The first woman to preside over either branch of the Alaska Legislature has died.
Jan Faiks, a former state senator from Anchorage and president of the Alaska state Senate from 1987 to 1988, died at her home in Florida after she was diagnosed with cancer. She was 71.
Faiks was an Anchorage teacher and school counselor and founder of a local gardening company before she was elected to the state Senate in 1982. She served two terms.
She was a Republican and a strong supporter of the oil industry, the main source of revenue for Alaska's state government.
"She was quite a powerhouse," said Martha Stewart, a former rural Alaska newspaper editor and legislative aide who became a close friend of Faiks' after the two moved to the Washington, D.C., area.
Aside from her status as the first female Senate president, Stewart said, Faiks left another important Alaska legacy — the constitutional budget reserve, a savings account that helps the state maintain budgets when oil revenues fluctuate from year to year. Faiks was one of the chief architects of the fund, Stewart said.
Former State Rep. Gail Phillips — who served in the 1990s as the second woman speaker of the state House — said Faiks was elected as part of an Anchorage-based movement to better control the costs of government, specifically the cost of operating the Legislature.
"I think that's one thing you could give her credit for," Phillips said.
Faiks also deserves credit for bringing some polish to the Legislature, Phillips said. She took barbs for imposing a dress code and other rules, but the Capitol in those days had a rough-and-tumble atmosphere that needed to be tamed, Phillips said.
"She really tried to make the job of a being a representative more professional," Phillips said.
Faiks was also well known for her herd of llamas, which she raised in Anchorage's Hillside neighborhood and later in Virginia.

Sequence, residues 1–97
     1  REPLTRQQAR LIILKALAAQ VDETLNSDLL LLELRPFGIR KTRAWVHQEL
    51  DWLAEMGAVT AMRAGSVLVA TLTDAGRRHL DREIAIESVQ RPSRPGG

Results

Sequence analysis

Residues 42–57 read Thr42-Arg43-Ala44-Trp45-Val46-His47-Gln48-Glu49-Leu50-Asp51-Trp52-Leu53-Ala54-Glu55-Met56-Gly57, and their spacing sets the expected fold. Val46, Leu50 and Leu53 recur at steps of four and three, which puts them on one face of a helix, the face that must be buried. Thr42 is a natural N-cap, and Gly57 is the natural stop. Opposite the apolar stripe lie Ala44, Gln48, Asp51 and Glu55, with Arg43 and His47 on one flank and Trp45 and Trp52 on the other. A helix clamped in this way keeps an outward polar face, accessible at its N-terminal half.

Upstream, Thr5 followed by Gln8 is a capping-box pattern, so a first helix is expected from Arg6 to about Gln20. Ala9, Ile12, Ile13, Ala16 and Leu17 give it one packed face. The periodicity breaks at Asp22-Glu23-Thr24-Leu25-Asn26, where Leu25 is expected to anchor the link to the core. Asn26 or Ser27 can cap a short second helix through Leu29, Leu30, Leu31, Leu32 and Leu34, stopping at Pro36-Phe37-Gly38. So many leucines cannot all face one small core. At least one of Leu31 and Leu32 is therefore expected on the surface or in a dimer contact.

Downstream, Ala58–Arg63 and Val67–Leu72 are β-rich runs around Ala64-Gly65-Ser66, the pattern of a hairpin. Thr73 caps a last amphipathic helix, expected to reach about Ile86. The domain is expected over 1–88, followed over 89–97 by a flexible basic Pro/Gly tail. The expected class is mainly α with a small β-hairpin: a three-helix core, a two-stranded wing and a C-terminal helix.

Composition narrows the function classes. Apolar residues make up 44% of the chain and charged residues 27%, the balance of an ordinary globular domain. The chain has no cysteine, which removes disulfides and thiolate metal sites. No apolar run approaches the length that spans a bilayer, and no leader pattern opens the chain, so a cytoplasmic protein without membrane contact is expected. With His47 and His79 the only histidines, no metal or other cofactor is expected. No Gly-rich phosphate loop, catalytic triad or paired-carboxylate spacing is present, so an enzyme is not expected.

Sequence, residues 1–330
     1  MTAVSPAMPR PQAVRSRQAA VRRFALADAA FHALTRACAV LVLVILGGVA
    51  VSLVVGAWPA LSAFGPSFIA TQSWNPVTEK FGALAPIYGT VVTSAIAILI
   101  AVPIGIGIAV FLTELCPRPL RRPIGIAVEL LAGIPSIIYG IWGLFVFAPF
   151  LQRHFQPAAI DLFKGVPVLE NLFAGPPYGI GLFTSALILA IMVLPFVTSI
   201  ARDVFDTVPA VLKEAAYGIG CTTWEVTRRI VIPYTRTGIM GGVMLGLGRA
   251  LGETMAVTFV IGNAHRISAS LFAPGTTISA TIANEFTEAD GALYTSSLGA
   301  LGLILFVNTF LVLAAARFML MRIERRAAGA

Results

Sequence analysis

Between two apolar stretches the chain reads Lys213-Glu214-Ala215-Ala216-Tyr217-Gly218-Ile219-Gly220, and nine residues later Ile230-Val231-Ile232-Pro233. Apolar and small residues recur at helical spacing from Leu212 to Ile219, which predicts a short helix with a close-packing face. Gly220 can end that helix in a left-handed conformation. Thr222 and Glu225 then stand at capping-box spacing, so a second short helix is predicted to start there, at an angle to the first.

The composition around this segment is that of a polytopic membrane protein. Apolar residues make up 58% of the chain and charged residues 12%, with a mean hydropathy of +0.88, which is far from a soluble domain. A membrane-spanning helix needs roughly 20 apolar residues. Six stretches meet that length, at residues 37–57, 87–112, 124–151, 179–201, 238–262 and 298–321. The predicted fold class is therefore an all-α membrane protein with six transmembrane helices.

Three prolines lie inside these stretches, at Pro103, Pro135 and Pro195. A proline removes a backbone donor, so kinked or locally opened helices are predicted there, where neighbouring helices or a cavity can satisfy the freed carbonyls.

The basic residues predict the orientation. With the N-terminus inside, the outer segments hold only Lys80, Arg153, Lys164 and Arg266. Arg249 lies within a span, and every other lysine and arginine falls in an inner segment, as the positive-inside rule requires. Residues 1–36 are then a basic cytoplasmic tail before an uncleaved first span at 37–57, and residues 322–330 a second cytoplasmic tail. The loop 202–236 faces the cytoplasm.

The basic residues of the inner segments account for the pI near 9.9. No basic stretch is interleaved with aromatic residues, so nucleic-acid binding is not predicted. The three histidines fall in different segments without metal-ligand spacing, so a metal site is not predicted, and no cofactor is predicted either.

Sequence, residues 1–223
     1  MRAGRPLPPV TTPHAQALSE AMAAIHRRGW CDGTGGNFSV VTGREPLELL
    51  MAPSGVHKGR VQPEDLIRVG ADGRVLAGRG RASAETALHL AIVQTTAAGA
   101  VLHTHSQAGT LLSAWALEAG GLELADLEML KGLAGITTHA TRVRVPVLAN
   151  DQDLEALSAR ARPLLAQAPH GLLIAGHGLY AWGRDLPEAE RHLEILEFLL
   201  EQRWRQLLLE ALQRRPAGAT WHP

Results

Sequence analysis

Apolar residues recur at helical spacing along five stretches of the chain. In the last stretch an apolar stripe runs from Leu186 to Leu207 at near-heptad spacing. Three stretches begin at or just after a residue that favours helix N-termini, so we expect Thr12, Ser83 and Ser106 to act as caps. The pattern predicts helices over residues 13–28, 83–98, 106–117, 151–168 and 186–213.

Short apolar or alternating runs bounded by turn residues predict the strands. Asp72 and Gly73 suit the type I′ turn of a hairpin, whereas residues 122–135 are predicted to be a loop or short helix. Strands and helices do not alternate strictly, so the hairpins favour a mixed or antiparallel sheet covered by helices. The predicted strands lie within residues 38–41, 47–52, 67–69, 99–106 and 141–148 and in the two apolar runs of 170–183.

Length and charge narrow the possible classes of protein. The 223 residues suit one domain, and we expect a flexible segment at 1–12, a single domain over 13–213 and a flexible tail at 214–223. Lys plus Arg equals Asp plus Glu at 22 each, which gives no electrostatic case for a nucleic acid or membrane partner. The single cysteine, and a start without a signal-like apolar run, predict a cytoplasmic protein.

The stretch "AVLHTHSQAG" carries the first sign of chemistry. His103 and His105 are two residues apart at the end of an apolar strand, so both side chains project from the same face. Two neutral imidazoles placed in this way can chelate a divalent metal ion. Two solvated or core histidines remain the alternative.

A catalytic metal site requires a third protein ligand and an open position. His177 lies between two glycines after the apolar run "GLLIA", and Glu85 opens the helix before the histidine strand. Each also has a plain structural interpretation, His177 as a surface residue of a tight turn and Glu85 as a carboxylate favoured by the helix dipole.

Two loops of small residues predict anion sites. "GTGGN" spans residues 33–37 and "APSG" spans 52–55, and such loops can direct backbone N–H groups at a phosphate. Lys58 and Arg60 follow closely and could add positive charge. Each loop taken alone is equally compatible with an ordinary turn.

The llamas bonded Faiks, a Republican, with Stewart, a Democrat. In her post-legislative career, when Faiks and her husband, former State Sen. Lloyd Jones, moved to the Washington area, Stewart, then working in Washington for Democratic Gov. Tony Knowles, pitched in as a house-sitter at Faiks and Jones' Virginia home and llama farm.
Their friendship endured even though Faiks was strongly Republican, Stewart said.
"She was so partisan that when her husband caught raccoons in the barn, she made him take them to Maryland, where the Democrats were," she said.
Although Faiks defended the oil industry in the aftermath of the 1989 Exxon Valdez spill and resisted an oil tax change passed over the industry's objections, she later had a falling out with two controversial oil industry figures who had been her supporters: Bill Allen, the founder and chief executive of the oil-services firm Veco, and Ed Dankworth, a one-time legislator who became a powerful oil and telecommunications lobbyist known for organizing the Senate.
Faiks lost her seat when she was defeated in the 1990 Republican primary by Virginia Collins. Several years later, Allen became enmeshed in legal troubles, and was at the center of a wide-ranging Alaska political corruption case that netted him a prison term. Dankworth was indicated for corruption over action he took as a state senator but an appeals court dismissed the case.
Faiks, after her legislative career ended, became an attorney after earning a law degree from Georgetown University. She worked for several years as a congressional staff member, served briefly as an assistant secretary with the U.S. Labor Department's Mine Safety and Health Administration and, in 2001, began work at the Pharmaceutical Research and Manufacturers of America trade association, where she became vice president for government affairs.
Faiks and Jones, who worked for Rep. Don Young for several years, recently retired and moved to Amelia Island in Florida, Stewart said.
Faiks was diagnosed with brain cancer just five months ago, she said.